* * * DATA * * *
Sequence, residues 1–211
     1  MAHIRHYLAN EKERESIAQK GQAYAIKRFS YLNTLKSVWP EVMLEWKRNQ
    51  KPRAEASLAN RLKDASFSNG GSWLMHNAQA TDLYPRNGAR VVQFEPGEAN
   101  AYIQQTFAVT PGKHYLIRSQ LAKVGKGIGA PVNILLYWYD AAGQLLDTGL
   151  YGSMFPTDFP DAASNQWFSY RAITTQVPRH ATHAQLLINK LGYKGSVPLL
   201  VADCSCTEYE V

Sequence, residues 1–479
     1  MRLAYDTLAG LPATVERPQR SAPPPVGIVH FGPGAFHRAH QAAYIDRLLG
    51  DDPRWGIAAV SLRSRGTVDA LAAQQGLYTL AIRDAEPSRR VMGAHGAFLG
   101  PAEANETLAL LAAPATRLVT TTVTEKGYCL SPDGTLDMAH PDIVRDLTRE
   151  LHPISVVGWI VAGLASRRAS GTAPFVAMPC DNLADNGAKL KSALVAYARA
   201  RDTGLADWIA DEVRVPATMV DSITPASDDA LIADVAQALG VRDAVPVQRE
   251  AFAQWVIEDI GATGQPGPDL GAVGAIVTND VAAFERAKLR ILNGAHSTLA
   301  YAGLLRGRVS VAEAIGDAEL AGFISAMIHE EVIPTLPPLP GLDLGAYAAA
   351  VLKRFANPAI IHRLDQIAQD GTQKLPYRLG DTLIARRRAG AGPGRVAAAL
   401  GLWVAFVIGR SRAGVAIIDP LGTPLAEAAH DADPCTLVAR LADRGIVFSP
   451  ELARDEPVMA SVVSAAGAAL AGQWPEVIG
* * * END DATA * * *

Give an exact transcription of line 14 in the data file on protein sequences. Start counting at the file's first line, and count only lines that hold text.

   301  YAGLLRGRVS VAEAIGDAEL AGFISAMIHE EVIPTLPPLP GLDLGAYAAA